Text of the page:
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This year the house outside was pristine, having just had a new coat of paint. The tent was up for visitors to wait under , shielded from the hot sun, and lemonade and hatchet cookies were ready for refreshment. Thanks go out this year to Debbie, Anna and Walter for keeping everyone cool and refreshed!
Naturally any photographs on the wall inside which were not family photos were taken down. Several crime scene photos were shown to visitors as “just having been developed and sent over by Mr. Walsh who was hired by the police department to shoot the crime scenes.”
For the first time this year, inasmuch as “CSI” was in the title of this year’s adaptation, blood spatter was applied to the wall and doors in the sitting room. After trying several concoctions, cherry preserves was found to give the best effect. John Morse mentions about 60 drops on the door into the parlor. Emma Borden would wash these off later in the evening on the 4th. Spatter was also applied to the framed engraving over the black sofa. Most visitors made a note of this on their exit polls. (photos courtesy of Lee Ann Wilbur)
This year the bed in the guest room where Abby Borden was killed was moved in order to reproduce the photo of Abby taken from the door way. A blood-spattered coverlet and shams were on the bed as well as a tuft of hair. More blood was used than on the genuine article which was on display down at the historical society in a special Bordenalia exhibit.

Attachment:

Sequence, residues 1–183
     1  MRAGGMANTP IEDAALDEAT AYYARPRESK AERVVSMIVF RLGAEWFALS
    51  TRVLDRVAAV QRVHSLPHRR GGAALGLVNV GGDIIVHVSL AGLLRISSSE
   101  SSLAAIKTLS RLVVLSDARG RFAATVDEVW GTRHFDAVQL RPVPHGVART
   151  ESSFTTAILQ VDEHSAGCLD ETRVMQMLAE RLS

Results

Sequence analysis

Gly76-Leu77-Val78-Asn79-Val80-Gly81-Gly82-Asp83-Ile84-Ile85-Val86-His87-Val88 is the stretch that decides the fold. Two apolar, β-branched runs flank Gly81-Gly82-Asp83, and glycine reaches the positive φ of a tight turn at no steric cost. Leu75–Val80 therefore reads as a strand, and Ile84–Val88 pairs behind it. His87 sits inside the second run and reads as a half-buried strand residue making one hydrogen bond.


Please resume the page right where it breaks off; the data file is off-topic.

It is remarkable that the crime scene still exists after so many years, so everyone who visits is very forgiving of modern conveniences such as electric sockets, lamps, refrigerators, etc, and turns a blind eye to these minor things which distract from time travel to 1892.
The dress worn by Elizabeth Montgomery in The Legend of Lizzie Borden, and other clothing items usually on display were put in the upstairs bathroom, which at one time was actually a dress closet. Down in the cellar, the search for hatchets and other possible weapons, conducted by Detective Seaver, gave a glimpse to visitors of just where these items were found, and offers a visit to the Borden cellar, always a place guests wish to see.
Using a detailed sketch of the rooms done by Kiernan in 1892 as reference, Lizzie’s fainting couch was placed where it had been, between the two windows. Lizzie lounged with her pink and white wrapper with cherry ribbons which Officer Harrington would later describe in such detail that it brought a smile from Lizzie in court.
With so many period antiques in place in the house, dressing the house for a performance is easy. The two crime scenes are particularly accurate in furnishings, and most guests take note of this as they examine the 1892 photographs. With just a little imagination, it is not hard to go back in time and visualize how the rooms must have looked. At 9:30 and 11 a.m., a hush always falls on the house as cast and guests recall what was happening so many years ago.
It was a big day at #92 for the cast of the Pear Essential Players as they turned in 10 performances of Lizzie Borden CSI. Tickets sold out and the gift shop was buzzing with activity from early morning until the end of the day when the evening check- ins arrived. All previous records were broken this year.
Rufus Hilliard Ray Mitchell
There were a few new faces this year in the cast including Ray Mitchell who portrayed city marshal Rufus Hilliard and bore an uncanny resemblance to his character! Michael Brooks took over the role of James Winward, Undertaker and was suitably grave and distinguished.
(photo courtesy of Lee Ann Wilber)
For the first time, the bed in the guest room was moved in order to reproduce a lesser-known photo of Abby Borden.
With a nod to Richard’s Behren’s new book, Lizzie Borden: Girl Detective, Kathryn Woods played Miss Nellie Drew, girl detective and interviewed Uncle John Morse.
Molly O’Brien took over as Miss Manning from the Fall River Herald and also had a few things to ask Uncle John.